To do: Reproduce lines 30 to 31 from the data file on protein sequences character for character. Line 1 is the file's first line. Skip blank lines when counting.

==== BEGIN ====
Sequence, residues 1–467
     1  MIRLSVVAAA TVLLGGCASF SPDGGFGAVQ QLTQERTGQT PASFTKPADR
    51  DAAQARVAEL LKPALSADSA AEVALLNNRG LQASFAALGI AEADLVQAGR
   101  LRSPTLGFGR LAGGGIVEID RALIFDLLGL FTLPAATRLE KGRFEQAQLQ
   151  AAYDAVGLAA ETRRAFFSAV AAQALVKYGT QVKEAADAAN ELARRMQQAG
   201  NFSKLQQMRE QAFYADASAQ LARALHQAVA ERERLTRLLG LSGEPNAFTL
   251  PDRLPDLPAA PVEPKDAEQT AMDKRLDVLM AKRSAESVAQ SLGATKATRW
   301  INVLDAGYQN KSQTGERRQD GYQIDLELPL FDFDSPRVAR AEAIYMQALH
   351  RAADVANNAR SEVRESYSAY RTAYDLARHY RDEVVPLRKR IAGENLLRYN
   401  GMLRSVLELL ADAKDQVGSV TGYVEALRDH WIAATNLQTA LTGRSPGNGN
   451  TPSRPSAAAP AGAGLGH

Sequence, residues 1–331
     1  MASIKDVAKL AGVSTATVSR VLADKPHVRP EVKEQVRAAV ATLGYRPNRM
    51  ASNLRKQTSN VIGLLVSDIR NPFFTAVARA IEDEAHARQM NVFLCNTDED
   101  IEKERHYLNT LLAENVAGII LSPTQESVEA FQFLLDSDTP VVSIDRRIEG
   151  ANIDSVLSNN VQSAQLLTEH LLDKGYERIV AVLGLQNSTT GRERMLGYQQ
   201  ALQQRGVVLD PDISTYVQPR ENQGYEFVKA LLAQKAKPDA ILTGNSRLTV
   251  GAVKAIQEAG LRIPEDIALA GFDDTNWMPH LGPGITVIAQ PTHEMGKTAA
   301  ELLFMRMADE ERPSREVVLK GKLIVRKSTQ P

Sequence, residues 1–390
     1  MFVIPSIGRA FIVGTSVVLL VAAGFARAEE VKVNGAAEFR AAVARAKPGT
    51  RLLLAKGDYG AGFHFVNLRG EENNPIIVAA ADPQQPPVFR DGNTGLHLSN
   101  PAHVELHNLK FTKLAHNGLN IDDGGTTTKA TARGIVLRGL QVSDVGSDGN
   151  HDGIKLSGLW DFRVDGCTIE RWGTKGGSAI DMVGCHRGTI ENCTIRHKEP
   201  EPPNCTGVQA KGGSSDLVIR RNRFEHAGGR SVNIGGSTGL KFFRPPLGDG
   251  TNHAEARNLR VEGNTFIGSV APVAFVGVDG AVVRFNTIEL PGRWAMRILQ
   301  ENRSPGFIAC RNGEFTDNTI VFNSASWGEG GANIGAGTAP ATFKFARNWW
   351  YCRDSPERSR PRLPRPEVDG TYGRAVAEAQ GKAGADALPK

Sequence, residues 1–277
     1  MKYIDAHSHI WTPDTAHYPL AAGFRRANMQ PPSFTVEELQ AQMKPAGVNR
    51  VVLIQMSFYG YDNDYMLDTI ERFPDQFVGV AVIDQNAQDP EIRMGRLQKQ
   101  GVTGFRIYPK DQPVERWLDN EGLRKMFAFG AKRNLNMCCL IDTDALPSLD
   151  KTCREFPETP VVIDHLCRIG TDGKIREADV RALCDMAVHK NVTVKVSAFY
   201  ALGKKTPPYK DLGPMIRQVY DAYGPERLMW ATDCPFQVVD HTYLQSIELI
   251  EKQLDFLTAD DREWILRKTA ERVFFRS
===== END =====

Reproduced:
     1  MKYIDAHSHI WTPDTAHYPL AAGFRRANMQ PPSFTVEELQ AQMKPAGVNR
    51  VVLIQMSFYG YDNDYMLDTI ERFPDQFVGV AVIDQNAQDP EIRMGRLQKQ